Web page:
Atlantis and Egypt (cont.)
Two Poem Cycles by Linda Pearce
The Egypt Poems
By Linda Pearce
Egypt takes her place beside the reeds,
gathers her skirts, dips toe in Nile,
then turns to watch the sky and sand.
She sees the Trojan sphinx
(which harbors God Knows What),
sees pillars in place of trees,
sees the dunes advance
in a classic symphony of movement,
follows the punctuation lines
up the pure clean edges of the pyramids.
On the floodplain, in season,
she washes herself slowly, dreamily,
then turns inland and cleans her teeth
with the radical floss paper of the sandstorm.
At last, spellbound by the invitation,
she crosses to the oasis and kneels by the spring,
murmurs something no-one understands,
writes it in a language no-one reads.
There’s some exclamatory principle behind it all:
she’s so extreme! Her magic is a kind of arid voodoo,
paralyzing those who seek her out,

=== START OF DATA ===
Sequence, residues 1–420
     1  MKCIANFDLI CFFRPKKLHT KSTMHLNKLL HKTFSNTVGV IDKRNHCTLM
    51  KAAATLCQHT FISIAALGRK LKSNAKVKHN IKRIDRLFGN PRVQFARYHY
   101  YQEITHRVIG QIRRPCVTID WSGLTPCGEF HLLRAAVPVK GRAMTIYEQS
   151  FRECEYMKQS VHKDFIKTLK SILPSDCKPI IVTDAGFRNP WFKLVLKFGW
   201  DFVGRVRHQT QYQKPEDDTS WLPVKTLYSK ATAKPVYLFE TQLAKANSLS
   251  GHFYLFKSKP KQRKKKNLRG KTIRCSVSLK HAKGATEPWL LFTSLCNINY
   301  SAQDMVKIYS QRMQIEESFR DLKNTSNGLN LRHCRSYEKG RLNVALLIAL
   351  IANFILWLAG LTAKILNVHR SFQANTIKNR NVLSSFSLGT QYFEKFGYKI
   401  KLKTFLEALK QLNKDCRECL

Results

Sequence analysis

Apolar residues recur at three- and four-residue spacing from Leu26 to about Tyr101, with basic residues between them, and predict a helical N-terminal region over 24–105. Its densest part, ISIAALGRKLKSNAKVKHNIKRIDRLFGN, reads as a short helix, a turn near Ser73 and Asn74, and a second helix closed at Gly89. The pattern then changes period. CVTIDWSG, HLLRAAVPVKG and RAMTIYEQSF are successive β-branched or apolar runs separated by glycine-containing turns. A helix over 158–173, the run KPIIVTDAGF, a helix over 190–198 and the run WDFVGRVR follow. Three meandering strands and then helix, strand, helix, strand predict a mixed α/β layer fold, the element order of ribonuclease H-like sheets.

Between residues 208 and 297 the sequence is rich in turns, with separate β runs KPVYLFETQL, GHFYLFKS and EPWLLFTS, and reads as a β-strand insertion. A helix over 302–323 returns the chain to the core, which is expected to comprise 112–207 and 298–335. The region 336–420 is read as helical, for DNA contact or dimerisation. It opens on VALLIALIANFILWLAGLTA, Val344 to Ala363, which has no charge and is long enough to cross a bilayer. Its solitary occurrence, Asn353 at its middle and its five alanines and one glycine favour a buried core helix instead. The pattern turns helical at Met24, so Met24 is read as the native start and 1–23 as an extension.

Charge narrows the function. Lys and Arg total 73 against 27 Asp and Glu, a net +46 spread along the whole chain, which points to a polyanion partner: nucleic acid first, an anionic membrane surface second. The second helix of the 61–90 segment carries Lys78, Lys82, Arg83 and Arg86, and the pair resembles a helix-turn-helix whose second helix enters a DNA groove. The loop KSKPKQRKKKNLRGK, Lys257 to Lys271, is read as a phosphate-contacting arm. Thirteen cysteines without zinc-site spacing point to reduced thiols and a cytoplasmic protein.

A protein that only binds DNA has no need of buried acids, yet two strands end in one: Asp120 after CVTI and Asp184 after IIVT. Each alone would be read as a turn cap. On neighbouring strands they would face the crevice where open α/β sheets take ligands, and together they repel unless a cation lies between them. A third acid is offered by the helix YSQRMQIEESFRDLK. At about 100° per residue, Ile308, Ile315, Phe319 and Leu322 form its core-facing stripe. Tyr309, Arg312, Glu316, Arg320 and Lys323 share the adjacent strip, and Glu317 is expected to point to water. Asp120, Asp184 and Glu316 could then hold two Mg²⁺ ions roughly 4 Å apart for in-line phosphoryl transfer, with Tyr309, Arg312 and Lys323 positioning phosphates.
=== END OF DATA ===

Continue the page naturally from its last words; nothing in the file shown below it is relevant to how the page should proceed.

bending them to some will not their own.
Her mummies are all long in the tooth -
even after death they’ve had their day;
could they have anything left to say?
They’re bereft of what narrative force they had,
yet their curatorial impact seems intact.
In a hot dry space, year by year,
the archaeologists are scraping flesh from bone.
One moves across the crawfish sands,
and raising the tent flap
takes his pen and fills his paper
with the acronyms of the academic desert,
employing the stepped up ideology of the transformer
which takes knowledge and changes it to dogma.
Yet Egypt herself operates in a field of endeavor
of which we are entirely ignorant,
exercising always the options of the Oracle:
it is only we who trip over the roots of the decision tree.
So this is how she is. It’s as though
the aridity of her surroundings
is significant in the context of her mystery,
and yet why should this be so?
Egypt lies in the desert on her back,
palms up, her throat is dry as dust;
all her knowledge is drifting down to the delta
year by year, endlessly
fertilizing the subsoil of our curiosity.